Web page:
In the treatment of photoaged skin, glycolic acid works by removing superficial portions of the epidermis and stimulating dermis regeneration. Vitamins A, C, and E should stimulate collagen production and antioxidants should prevent free radical damage and skin aging. However, the effectiveness of different therapies has often relied on subjective methods of assessment. Histologic analysis has seldom been used because of the drawback of permanent scarring. In the literature, the use of a quantitative method for the assessment of facial rejuvenation has been described: the silicone replica technique. The authors’ aim was to promote and recommend the use of this technique and, in particular, to test the effect of glycolic acid and multivitamin- and antioxidant-based products on skin texture.
The authors performed a prospective, randomized, double-blind, controlled study on 30 women treated topically in the outer canthal region (crow’s-feet area). Patients were divided into three groups (groups A, B, and C); each group consisted of five patients between the ages of 31 and 40 years and five patients between the ages of 41 and 50 years. Group A was treated by glycolic acid application, initially at home for 2 weeks, followed by a higher concentration administered in the office weekly for six applications. Group B was treated by topical application at home of a multivitamin product daily for 3 months. Group C was treated with a cream base (placebo) for 3 months and represented the control group. Skin areas under treatment were photographed and reproduced by the silicone replica technique at baseline and at the end of treatment. This technique reproduces exactly the skin’s texture. Digital images were obtained from skin replicas and analyzed by specific software for different parameters: roughness, microsulcus number, and width. Pretreatment and posttreatment values were compared using the Wilcoxon signed-rank test.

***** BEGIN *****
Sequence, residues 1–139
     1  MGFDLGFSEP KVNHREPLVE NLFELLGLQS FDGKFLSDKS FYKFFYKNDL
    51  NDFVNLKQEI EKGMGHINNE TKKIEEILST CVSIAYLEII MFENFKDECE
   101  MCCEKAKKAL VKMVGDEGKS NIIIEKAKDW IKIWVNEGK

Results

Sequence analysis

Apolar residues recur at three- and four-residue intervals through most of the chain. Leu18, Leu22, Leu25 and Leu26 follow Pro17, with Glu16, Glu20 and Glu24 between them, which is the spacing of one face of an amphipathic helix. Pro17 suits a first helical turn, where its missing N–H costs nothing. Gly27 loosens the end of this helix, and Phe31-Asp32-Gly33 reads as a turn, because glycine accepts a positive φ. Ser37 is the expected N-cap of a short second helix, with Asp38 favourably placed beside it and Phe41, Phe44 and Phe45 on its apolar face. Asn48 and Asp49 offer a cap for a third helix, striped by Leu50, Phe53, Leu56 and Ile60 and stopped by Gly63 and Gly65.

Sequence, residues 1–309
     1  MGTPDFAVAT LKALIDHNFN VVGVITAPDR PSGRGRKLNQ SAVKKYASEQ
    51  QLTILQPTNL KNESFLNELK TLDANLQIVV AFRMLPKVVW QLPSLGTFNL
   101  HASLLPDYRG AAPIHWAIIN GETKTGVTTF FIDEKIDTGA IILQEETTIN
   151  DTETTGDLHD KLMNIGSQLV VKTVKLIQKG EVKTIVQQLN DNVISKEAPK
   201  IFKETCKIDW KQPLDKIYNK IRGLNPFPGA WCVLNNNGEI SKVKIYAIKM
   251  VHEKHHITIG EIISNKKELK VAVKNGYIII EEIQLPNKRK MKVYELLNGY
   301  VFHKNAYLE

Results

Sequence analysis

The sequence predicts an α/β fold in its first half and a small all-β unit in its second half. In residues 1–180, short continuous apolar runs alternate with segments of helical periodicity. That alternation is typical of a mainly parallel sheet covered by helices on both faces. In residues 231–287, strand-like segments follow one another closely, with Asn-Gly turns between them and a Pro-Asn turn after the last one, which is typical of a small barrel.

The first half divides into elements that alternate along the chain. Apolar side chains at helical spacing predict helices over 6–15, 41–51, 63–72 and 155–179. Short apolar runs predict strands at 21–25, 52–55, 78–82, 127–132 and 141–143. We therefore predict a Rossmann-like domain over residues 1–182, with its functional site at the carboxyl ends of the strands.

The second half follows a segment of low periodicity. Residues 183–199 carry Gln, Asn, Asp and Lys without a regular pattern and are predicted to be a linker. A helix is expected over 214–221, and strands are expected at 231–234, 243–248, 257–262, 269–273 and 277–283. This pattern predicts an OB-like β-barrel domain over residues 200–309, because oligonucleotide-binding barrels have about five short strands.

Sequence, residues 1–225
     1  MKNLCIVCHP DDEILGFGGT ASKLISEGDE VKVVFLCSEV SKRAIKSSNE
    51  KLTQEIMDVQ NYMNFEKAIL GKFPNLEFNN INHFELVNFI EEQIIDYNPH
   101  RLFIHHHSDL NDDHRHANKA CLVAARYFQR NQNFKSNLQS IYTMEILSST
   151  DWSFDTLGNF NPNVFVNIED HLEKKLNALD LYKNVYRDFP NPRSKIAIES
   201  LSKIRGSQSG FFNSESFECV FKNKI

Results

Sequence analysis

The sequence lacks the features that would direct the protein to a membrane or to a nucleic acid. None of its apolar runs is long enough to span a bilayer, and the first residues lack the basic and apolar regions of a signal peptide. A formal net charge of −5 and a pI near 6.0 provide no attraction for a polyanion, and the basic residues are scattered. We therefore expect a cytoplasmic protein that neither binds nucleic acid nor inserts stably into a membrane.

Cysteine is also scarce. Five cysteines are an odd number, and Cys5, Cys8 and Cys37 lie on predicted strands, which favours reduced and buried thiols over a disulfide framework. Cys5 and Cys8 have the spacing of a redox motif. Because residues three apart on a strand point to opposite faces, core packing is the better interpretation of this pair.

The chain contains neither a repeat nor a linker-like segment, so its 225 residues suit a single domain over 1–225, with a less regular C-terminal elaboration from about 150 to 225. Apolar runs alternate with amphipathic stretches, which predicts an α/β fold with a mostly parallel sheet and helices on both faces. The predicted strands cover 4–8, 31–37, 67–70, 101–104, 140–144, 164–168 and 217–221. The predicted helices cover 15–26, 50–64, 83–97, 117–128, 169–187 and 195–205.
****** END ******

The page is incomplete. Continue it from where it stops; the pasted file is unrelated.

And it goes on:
In group A, microsulcus number and width were statistically decreased, but roughness was not. In groups B and C, parameters were not statistically modified.
The silicone replica technique allowed a quantitative analysis of results obtained with different topical therapies. In particular, it confirmed the efficacy of glycolic acid in skin rejuvenation.